CIA Director Leon Panetta, testifies on Capitol Hill in Washington, before the Senate Armed Service Committe, June 9, 2011
CIA Director Leon Panetta, testifies on Capitol Hill in Washington, before the Senate Armed Service Committe, June 9, 2011

BY MICHAEL BOWMAN – The U.S. Senate has confirmed Leon Panetta as defense secretary by a unanimous vote of 100 to nothing. The current director of the Central Intelligence Agency, Panetta will shift to the Pentagon, replacing outgoing Defense Secretary Robert Gates.

Panetta’s already-impressive resume is about to get longer. The onetime congressman, White House chief of staff, and current CIA director will oversee the military as the United States winds down two wars and engages in a limited mission over Libya.

Ahead of Tuesday’s vote, senators lined up to praise Panetta and endorse his nomination.

Senate Armed Services Committee Chairman Carl Levin called him a “wise and solid” choice.

“Director Panetta has given decades of dedicated service to this nation, and we should all be grateful that he is once again willing to answer the call and take the helm of the Department of Defense. He is going to bring a reassuring level of continuity and in-depth experience. The Department of Defense will need Director Panetta’s skill and wisdom to navigate the extraordinarily-complex set of challenges in the years ahead,” Levin said.

The top Republican on the Armed Services Committee, John McCain, noted Panetta’s vast experience in matters of state.

“Director Panetta has had an extraordinary career of public service. He served in the House of Representatives, representing his California district for eight terms. He served in the White House as President Clinton’s chief of staff, and director of the Office of Management and Budget. Since 2009, he’s been the director of the Central Intelligence Agency, strengthening that agency and forging positive relationships,” McCain said.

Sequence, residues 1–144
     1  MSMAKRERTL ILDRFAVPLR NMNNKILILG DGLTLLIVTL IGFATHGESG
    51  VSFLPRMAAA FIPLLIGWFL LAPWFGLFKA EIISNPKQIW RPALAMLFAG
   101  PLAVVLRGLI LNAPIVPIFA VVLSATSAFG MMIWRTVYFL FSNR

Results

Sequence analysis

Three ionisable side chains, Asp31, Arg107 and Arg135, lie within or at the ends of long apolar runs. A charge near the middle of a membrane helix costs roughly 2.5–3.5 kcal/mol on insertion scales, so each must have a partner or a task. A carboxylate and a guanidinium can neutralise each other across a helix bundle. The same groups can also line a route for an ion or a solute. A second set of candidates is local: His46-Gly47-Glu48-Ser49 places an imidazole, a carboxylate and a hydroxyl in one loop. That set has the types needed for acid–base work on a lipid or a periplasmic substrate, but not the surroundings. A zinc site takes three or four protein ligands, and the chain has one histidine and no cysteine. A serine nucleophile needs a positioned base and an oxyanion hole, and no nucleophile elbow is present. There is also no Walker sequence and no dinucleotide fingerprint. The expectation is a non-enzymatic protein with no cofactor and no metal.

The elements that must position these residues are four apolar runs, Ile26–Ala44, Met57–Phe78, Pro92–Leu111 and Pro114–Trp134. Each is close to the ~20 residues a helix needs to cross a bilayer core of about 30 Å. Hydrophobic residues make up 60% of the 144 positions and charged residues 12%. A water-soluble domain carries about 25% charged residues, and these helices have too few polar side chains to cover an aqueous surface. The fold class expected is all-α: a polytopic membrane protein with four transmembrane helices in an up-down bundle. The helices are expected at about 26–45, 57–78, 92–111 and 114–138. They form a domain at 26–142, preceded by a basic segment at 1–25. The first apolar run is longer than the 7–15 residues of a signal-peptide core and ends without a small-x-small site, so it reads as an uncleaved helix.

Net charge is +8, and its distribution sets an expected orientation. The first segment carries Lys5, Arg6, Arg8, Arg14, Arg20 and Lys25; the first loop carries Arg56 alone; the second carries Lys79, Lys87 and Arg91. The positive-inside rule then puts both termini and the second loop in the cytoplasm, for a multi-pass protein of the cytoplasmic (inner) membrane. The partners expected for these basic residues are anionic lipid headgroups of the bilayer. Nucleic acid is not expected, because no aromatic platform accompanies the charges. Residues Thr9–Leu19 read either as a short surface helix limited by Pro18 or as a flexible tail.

At his confirmation hearing on Capitol Hill earlier this month, Panetta predicted Iraq will ask the United States to keep some American troops in the country beyond the end of this year. He endorsed a draw-down of U.S. forces in Afghanistan, but said reductions should be based on ground conditions there. He said Libyan Leader Moammar Gadhafi’s grip on power is weakening, and described Pakistan as a critical, if frustrating U.S. ally.

Panetta takes over from Robert Gates, who is leaving the Pentagon after four-and-a-half years as defense secretary, spanning both the Bush and Obama administrations. Senators also lauded Gates for having overseen U.S. efforts to stabilize Iraq, refocused the U.S. campaign against the Taliban in Afghanistan, and initiated a restructuring of the massive Pentagon budget.

Senator McCain described Gates as one of America’s greatest secretaries of defense. Speaking of Panetta’s task in replacing Gates, Democratic Senator Richard  Durbin of Illinois put it this way:

“Big shoes to fill. Secretary Gates has had a remarkable term as secretary, and a remarkable career in public service,” Durbin said.

President Barack Obama’s pick to replace Panetta at the CIA is General David Petraeus, who has commanded in both Iraq and Afghanistan. Petraeus is also expected to be confirmed by an overwhelming vote.

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